Cameron warns over inflationary dangers ahead of Bank rates decision

 
Julian Harris
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UNEXPECTEDLY high inflation could exacerbate splits in the Bank of England’s rate setting committee, which meets this week.

Prime Minister David Cameron yesterday expressed concern about the UK’s inflation, which is consistently above target.

“Inflation is extremely harmful. It destroys people’s savings,” he said.

“We don’t want to go back to having an inflation problem as we had in the past.”

Yet the Prime Minister gave his backing to the “excellent” Bank governor Mervyn King.

The Bank’s monetary policy committee (MPC) faces a three-way split.

While Andrew Sentance is likely to keep proposing a small rise in interest rates, “dovish” American Adam Posen is expected to continue suggesting a further programme of quantitative easing (QE2).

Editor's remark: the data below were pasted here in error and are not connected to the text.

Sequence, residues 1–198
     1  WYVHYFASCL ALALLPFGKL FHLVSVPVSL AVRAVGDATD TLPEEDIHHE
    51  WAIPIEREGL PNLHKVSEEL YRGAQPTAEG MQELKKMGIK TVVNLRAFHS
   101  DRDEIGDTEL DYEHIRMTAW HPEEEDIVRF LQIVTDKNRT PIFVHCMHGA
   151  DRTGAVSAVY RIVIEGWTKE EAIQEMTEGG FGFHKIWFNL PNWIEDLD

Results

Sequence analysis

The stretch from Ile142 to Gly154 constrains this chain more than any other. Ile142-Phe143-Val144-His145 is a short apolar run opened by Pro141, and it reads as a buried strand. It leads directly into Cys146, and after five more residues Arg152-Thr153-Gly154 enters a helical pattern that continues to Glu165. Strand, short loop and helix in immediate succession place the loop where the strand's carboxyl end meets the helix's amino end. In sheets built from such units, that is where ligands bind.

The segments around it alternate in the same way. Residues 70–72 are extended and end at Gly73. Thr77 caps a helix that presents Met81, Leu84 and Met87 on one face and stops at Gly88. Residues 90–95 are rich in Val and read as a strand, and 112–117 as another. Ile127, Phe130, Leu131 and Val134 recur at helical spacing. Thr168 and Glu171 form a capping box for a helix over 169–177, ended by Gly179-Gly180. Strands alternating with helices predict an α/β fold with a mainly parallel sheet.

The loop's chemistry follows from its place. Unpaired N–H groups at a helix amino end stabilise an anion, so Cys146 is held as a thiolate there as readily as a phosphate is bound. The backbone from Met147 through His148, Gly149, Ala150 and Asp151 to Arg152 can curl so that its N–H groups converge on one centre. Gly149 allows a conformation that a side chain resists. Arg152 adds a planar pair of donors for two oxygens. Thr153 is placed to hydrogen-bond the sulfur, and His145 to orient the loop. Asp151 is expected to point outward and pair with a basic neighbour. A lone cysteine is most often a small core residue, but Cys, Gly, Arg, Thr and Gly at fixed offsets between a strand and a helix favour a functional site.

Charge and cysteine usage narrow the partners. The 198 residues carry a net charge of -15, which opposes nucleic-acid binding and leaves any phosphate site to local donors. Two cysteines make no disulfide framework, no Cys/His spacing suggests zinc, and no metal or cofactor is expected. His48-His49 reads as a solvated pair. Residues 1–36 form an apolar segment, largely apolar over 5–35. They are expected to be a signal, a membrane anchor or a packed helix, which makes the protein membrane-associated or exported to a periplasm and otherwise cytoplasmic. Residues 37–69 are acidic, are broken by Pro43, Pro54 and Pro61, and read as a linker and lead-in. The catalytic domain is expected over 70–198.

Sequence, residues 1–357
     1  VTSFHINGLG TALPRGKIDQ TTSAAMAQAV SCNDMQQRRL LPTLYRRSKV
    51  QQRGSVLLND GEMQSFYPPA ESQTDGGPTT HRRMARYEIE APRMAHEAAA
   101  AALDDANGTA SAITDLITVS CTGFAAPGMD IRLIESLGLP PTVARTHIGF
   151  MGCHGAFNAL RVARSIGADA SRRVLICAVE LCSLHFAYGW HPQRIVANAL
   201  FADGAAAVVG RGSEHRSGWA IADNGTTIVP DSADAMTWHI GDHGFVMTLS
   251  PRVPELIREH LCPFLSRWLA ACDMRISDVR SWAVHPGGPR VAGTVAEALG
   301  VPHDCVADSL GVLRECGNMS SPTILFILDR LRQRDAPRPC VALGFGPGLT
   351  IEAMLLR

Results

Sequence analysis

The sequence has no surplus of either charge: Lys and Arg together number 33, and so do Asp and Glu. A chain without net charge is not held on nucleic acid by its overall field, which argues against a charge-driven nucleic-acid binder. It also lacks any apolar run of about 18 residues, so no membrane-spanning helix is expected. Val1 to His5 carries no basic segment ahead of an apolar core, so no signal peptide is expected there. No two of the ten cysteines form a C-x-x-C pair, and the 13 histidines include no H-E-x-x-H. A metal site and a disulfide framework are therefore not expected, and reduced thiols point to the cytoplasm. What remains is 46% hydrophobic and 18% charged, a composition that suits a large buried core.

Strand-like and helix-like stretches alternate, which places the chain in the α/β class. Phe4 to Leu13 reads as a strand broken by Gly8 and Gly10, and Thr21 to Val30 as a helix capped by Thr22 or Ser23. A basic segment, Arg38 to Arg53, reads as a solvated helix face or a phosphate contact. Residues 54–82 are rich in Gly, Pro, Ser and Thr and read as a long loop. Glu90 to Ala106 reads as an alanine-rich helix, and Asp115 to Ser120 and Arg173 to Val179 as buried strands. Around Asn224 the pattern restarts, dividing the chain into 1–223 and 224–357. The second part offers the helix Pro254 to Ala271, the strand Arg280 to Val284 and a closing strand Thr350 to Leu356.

The rest of the committee has stayed on the fence in recent months, yet increasing differences among economists may be reflected in larger factions emerging within the MPC.

Consumer price index (CPI) inflation will hit four per cent in the next three months, according to ING forecasts. Producer price data, released this Friday, is expected to show further price increases.

Yet a weak labour market will keep inflation down, said business advisory group BDO today.

Nonetheless, business morale rose above expectations, according to BDO’s business trends report.